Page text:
As Bob Dylan said in his 1964 album release, “The Times They Are A Changin’,” and there is not a more accurate description when you are in what is considered by many as the most difficult position in any size company today—the position of CIO.
CIOs are saddled with the incredible responsibility of ensuring all things IT are not just functioning, but are meeting the high demands of both internal enterprise users as well as those customers that rely on that enterprise as part of their own business. Though CIOs have an incredible responsibility, they also have a tremendous opportunity to play leading roles in the digital/physical revolution that is transforming every facet of our lives. To thrive in today’s market, organizations need to be nimble and willing to embrace new technologies, failing fast if need be.
Designing and building apps is certainly one of many priorities that CIOs must balance. But all too often, software development puts a brake on business innovation. Even with the adoption of modern methodologies such as agile, traditional app development is still too slow, expensive and inflexible to meet many emerging business needs, including those from the office of the CIO.
What if there were a way to transform the development process so that business users could build apps independently while still meeting IT requirements from the CIO?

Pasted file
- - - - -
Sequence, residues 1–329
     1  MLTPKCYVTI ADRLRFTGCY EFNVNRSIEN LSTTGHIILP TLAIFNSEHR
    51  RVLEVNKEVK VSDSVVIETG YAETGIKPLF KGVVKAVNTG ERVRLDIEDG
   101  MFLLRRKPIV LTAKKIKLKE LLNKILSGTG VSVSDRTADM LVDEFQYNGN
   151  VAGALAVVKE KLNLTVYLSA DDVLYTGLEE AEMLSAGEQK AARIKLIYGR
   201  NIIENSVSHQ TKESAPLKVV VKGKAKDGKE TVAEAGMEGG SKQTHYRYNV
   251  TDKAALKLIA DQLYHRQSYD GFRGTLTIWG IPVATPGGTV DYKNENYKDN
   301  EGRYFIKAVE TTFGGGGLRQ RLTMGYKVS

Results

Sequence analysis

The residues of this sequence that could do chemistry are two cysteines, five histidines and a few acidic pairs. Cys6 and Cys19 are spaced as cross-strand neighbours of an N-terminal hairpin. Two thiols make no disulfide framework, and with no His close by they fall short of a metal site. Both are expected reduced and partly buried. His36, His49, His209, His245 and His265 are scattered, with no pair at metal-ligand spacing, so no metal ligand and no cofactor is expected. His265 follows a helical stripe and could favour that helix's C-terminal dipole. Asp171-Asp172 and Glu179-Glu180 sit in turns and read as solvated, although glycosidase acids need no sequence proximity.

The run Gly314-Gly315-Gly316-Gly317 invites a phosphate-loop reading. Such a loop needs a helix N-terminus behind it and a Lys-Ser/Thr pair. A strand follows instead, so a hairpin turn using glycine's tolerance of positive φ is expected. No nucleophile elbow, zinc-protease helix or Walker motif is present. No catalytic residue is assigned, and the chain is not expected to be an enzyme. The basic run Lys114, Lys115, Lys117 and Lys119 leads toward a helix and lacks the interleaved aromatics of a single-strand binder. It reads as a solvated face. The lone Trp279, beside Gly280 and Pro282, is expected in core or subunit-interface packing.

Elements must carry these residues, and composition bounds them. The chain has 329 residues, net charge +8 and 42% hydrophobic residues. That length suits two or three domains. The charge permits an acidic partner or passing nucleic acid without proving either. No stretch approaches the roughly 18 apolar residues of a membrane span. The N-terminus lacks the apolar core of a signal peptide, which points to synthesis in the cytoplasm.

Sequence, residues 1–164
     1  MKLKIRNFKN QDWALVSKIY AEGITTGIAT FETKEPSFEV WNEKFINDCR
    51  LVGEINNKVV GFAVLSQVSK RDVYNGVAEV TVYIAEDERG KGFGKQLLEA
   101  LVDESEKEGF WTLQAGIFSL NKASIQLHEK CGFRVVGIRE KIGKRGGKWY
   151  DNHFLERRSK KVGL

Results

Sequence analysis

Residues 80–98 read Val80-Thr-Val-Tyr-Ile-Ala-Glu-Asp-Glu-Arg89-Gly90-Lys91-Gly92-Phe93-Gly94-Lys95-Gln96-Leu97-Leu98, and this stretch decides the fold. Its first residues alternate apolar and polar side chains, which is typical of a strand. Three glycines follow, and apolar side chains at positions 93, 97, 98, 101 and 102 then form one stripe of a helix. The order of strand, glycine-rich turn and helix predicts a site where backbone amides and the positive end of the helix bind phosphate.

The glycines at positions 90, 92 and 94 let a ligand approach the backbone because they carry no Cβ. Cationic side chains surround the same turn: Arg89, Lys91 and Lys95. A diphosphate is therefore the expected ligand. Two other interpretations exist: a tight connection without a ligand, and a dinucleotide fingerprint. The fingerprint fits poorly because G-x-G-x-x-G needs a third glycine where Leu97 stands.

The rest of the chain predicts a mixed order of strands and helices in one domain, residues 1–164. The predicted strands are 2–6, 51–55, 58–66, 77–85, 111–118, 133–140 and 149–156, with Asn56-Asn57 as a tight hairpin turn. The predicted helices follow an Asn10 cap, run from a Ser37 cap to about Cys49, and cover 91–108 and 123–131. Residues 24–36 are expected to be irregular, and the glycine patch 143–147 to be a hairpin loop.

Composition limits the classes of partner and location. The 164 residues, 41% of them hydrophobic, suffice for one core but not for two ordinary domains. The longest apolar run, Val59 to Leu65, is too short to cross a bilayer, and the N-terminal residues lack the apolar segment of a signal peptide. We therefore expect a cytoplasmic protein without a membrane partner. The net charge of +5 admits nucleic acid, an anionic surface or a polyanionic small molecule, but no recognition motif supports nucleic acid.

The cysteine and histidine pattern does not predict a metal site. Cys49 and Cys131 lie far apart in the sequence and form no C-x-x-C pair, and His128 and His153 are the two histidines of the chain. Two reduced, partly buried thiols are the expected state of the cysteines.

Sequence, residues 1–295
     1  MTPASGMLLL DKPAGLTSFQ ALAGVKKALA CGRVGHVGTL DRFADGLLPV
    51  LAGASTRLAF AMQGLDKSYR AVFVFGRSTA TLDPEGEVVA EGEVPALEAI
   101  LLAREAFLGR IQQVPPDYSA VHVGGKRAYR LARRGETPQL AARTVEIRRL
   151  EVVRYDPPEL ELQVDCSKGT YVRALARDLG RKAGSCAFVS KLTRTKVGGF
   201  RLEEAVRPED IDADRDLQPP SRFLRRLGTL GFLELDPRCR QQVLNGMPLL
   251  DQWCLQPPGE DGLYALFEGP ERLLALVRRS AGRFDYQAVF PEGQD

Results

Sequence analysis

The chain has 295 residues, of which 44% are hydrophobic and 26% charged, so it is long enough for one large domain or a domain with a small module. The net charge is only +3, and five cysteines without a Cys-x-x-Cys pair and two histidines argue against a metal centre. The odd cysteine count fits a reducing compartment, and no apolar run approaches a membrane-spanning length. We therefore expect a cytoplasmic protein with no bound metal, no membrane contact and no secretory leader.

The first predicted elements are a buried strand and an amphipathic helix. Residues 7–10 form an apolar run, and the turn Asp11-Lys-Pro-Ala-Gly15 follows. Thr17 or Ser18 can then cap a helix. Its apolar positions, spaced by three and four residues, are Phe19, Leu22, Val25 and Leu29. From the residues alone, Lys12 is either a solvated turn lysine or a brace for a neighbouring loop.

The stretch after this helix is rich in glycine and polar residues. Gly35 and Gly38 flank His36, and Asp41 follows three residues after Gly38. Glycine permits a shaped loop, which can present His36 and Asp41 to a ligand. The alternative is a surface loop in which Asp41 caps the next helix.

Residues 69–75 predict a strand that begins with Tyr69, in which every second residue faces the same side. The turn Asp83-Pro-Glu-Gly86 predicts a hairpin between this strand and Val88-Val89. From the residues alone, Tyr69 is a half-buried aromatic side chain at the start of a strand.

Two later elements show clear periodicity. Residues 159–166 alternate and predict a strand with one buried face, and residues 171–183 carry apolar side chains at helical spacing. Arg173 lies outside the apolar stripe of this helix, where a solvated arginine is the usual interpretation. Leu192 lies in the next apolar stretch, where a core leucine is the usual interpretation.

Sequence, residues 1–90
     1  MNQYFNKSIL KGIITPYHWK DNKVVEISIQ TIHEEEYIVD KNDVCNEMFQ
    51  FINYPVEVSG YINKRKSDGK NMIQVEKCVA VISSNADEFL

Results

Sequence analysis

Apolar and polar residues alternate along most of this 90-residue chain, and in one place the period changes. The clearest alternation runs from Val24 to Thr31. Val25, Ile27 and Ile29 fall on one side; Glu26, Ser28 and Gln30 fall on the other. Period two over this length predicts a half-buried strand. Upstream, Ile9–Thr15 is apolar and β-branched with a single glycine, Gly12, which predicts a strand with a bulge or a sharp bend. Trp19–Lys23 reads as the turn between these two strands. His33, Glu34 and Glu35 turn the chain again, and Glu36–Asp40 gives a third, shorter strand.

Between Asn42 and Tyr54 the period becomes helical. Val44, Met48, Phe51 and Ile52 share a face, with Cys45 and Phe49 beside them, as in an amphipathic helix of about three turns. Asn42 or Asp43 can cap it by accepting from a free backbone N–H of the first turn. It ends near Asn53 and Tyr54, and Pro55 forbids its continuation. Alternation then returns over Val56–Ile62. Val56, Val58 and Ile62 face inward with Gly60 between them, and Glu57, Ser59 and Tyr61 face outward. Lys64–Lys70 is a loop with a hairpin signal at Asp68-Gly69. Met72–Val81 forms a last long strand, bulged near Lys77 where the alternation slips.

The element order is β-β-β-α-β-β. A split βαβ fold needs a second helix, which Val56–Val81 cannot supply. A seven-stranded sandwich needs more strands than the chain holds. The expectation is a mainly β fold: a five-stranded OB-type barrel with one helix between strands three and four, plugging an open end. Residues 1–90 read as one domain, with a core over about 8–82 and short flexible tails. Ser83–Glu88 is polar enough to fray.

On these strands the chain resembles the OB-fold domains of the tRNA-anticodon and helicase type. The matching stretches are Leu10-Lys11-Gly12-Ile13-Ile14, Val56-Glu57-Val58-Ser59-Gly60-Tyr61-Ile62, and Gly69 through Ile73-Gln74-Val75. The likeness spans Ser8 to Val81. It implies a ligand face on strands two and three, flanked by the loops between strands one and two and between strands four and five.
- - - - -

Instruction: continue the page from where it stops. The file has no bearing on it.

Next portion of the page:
On a mission to open application development, Future Workshops is building Harmony, a platform that enables business users—with no coding skills—to design and assemble sophisticated, native-mobile apps from a host of pre-built microservices, using a simple web interface. And the apps they are building meet the needs and requirements of IT.
Future Workshops’ new Harmony platform, built on IBM Compose, enables a much wider range of users to create applications for themselves. Via a web interface, users simply drag and drop components that allow them to interact with their existing business systems, and design new data flows that help them solve business problems.
Using traditional approaches, creating apps to address minor or fleeting business needs was often not worthwhile, because by the time a development team could deliver an app meeting the necessary IT requirements, the opportunity would have passed. Now that users can build apps in a matter of hours using Harmony and start using them immediately, it becomes practical to develop apps to solve all sorts of problems.
Learn more by reading the case study with Future Workshops, where Matt Brooke-Smith, founder and CEO of Future Workshops, explains how the company is changing the process for designing and developing business apps that meet corporate IT standards.